Valley of the Dolls Criterion Collection Blu-ray Review
Success is a taunting beast, and there may not be a person alive who doesn’t want it, especially if in New York City. The city is a haven for would-bes, hungry and ambitious and wanting to just get that big break that will make them something, anything.
Fresh out of New England, Anne Welles (Barbara Parkins, TV’s PEYTON PLACE) moves to New York and falls into a job at prominent agency. Her first act is to bring contracts to a Broadway diva (Susan Hayward, I WANT TO LIVE!), who has a genuine disdain for another member of the cast, Neely O’Hara (Patty Duke, fresh off of her titular show), who is bound for the sort of stardom that the aging diva once had. There is also chorus girl Jennifer North (Sharon Tate, who earned a Golden Globe nomination for New Star of the Year; she lost to Katharine Ross for THE GRADUATE), who has gotten where she is solely because of her looks (aided in part by “bust exercises”).
It’s clear that so little will go according to plan, and if you think the trio won’t fall victim to the business and its excesses, then you likely don’t know what the “dolls” of the title refers to. Things go wrong, yes, and oh, how spectacular it all is.
Despite the straight face, it is nearly impossible to take VALLEY OF THE DOLLS—loosely adapted from Jacqueline Susann’s 1966 novel of the same name—seriously. (If you do, then maybe your grandparents took REEFER MADNESS as gospel.) This is, at its core, over-the-top camp. But that’s the charm it holds and why it has its cult following. (The adoration is nicely paralleled in a scene early on, where Patty Duke is told, “It’s a rotten business.” To which she replies, “I know—but I love it!”)
And so the initial intentions—presumably that the entertainment industry will suck you in and spit you out onto the sidewalk, all while poisoning your soul and turning you into someone else entirely—aren’t really what works here. It’s all there and ties the movie together, but it’s the overall absurdity of the picture and the general lack of couth that marks it as memorable.
At a glance, director Mark Robson (whose lengthy filmography extends from 1943’s horror THE SEVENTH VICTIM to 1979’s adventure AVALANCHE EXPRESS, which he didn’t finish due to his death; other works include Humphrey Bogart noir THE HARDER THEY FALL and disaster movie EARTHQUAKE) has a grasp on the devastating effects of drugs and the industry. There are moments that are mildly hallucinatory and screaming with vibrant colors. Yet, as the movie progresses, these all seem like accidents, with Robson inadvertently aiding in the silliness of it all. (Also of note in the cast and crew are Sharon Tate (her most famous role) and composer John Williams, who earned his first Oscar nomination here.)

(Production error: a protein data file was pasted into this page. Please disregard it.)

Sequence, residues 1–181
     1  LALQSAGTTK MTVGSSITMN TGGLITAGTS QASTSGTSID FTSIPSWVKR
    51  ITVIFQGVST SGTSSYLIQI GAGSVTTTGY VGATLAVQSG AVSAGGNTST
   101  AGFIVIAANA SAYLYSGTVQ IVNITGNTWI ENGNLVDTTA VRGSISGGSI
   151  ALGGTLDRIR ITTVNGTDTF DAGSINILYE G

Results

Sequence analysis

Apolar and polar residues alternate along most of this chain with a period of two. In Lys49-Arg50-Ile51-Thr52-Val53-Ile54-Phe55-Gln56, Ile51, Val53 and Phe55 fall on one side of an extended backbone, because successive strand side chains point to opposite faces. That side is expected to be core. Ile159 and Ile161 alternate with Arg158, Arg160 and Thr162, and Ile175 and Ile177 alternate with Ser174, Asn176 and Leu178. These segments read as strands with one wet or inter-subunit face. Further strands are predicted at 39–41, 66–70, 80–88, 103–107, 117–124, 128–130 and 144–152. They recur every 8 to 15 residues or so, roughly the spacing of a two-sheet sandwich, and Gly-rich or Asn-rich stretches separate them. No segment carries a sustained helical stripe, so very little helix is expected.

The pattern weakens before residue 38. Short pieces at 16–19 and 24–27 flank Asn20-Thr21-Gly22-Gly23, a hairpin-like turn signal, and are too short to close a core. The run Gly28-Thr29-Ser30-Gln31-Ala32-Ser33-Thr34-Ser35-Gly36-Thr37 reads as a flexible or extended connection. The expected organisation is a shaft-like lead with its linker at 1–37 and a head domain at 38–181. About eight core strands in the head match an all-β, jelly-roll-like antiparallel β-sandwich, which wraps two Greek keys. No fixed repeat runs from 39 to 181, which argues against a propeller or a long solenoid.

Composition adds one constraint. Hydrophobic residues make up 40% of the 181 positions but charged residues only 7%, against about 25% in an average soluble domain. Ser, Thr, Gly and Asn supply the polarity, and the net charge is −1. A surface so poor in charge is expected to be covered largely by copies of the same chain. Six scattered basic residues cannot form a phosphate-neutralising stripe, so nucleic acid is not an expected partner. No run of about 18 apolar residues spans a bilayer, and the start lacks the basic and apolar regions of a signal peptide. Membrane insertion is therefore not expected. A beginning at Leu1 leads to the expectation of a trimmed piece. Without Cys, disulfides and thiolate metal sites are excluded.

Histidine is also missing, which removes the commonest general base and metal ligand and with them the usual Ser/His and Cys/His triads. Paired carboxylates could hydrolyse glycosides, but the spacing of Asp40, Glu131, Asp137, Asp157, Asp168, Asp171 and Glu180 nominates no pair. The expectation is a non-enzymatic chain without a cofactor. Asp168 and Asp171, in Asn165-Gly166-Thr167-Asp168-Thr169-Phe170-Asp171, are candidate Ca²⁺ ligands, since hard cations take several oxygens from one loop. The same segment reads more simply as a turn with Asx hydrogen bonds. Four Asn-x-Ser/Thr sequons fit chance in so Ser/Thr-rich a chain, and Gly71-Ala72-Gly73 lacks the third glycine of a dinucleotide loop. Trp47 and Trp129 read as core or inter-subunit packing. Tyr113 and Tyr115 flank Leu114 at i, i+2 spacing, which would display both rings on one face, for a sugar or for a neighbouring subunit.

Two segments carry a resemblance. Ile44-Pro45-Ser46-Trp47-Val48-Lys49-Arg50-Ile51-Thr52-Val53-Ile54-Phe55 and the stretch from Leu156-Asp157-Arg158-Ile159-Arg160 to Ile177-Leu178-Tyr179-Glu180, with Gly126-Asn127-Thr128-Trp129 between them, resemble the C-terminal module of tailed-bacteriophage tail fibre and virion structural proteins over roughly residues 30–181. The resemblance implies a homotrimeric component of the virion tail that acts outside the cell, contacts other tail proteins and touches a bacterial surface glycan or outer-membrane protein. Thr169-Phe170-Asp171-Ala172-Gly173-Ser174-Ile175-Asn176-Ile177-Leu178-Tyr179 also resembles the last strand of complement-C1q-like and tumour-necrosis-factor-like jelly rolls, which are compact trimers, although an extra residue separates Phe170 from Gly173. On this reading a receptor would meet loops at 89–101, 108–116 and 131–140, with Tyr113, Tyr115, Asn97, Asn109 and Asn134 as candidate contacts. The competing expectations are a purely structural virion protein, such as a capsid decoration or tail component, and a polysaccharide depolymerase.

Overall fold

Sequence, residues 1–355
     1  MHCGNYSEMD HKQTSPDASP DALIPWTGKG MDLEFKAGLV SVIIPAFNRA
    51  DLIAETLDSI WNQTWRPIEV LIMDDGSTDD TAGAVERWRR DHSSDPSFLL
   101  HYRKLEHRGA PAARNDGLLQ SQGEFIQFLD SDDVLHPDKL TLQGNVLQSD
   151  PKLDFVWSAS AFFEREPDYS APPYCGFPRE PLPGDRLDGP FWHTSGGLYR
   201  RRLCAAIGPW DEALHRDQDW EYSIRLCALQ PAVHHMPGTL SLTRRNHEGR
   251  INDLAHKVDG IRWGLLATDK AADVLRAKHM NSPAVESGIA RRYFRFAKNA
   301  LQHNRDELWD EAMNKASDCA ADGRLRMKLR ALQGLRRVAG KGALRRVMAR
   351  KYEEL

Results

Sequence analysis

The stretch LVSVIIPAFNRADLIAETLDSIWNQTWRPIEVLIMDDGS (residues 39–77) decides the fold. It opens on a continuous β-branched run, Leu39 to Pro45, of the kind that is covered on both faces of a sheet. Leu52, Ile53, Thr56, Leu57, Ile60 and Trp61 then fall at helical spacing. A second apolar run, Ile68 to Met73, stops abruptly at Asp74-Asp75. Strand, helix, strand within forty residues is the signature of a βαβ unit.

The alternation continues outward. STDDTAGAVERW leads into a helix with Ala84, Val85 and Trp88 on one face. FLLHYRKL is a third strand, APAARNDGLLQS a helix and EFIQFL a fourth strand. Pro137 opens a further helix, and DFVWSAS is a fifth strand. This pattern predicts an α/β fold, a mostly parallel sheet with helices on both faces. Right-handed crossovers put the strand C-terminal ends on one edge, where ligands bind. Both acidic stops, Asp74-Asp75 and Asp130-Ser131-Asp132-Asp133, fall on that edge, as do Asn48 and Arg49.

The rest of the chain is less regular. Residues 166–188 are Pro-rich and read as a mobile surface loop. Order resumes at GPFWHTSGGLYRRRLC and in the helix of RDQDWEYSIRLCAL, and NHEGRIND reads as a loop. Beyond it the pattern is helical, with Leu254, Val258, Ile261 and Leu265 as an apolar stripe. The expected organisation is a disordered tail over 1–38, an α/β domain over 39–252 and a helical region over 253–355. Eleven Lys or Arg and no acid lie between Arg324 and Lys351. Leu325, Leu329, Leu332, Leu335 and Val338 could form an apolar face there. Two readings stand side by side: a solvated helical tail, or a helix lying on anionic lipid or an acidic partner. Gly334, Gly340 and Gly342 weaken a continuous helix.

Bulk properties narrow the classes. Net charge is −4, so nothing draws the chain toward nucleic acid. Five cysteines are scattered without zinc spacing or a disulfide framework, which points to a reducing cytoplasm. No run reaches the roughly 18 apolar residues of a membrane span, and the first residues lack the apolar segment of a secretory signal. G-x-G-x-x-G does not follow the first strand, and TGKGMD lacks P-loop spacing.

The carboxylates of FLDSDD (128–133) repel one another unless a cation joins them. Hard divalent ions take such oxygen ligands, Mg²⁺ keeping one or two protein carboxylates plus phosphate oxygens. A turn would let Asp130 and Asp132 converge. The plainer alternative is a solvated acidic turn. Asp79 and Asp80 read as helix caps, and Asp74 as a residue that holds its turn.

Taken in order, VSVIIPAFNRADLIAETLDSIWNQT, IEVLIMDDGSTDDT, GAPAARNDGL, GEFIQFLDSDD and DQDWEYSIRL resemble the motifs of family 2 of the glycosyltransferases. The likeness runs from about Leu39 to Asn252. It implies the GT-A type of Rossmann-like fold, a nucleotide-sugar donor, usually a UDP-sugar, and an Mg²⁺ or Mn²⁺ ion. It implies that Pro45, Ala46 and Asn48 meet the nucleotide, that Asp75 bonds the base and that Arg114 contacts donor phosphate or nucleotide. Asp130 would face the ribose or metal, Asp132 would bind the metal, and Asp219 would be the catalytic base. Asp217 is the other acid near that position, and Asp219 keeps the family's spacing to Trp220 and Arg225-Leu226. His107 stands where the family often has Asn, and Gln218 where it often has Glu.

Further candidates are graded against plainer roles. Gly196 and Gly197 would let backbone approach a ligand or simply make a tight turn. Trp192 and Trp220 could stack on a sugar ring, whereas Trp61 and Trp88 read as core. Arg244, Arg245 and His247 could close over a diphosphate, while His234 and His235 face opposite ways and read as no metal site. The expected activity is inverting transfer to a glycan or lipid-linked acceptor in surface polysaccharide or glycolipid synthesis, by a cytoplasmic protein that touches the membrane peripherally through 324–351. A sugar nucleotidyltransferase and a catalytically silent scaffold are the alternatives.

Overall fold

VALLEY OF THE DOLLS is a mess. Intentions are there, but only barely, and the movie is far from being the cautionary tale it could have been. But that’s where its “charm” is; after all, would we be talking about it 50 years later if it all went as planned?
Video: 2.40:1 in 1080p with MPEG-4 AVC codec. “This new digital transfer was creaked in 2K resolution from a new 35 mm interpositive made from the 35 mm original camera negative at Illuminate, Los Angeles.”
VALLEY OF THE DOLLS looks quite nice, with fine details/textures, healthy colors and an overall strong and faithful presentation.
Audio: English 3.0 Surround. “The original 3.0 surround soundtrack was remastered from the 35 mm six-track magnetic print master that accompanied the 70 mm release. Additional restoration was performed by the Criterion Collection using Pro Tools HD and iZotope RX.”
Dialogue is clean and the music (especially the title song) comes through nicely.
Commentary with actor Barbara Parkins and journalist Ted Casablanca: Recorded in 2006, this track features cast member and fan having a fun conversation throughout, with the latter doing his part in drawing out stories from Parkins.
Hollywood Backstories: “Valley of the Dolls” (25:06): This 2001 episode from the series spotlights the evolution of VALLEY OF THE DOLLS from novel to film.
Interviews: Included here are two interview segments: Once Was Never Enough (21:49), with writer Amy Fine Collins discussing author Jacqueline Susann, and Travilla: Perfectly Poised (7:37), with Collins discussing the work of costume designer Travilla.
Archival Programs: There are three here: A World Premiere Voyage (48:12), a 1967 promotional film featuring various VALLEY OF THE DOLLS cast/crew on a cruise promoting the movie; Jacqueline Susann and Valley of the Dolls (50:31), spotlighting the author and her most famous work; and Sparkle Patty Sparkle! (16:29), which highlight excerpts from a 2009 gala screening of the film.
Screen Tests (28:06) for Patty Duke, Tony Scotti, Sharon Tate and Barbara Parkins.
Doll Parts (17:11) is a visual essay written and narrated by film critic Kim Morgan, who reflects on the emotional power the film holds on her.
Trailers and TV Spots
Also included with this Criterion Collection release is a booklet featuring an essay by film critic Glenn Kenny.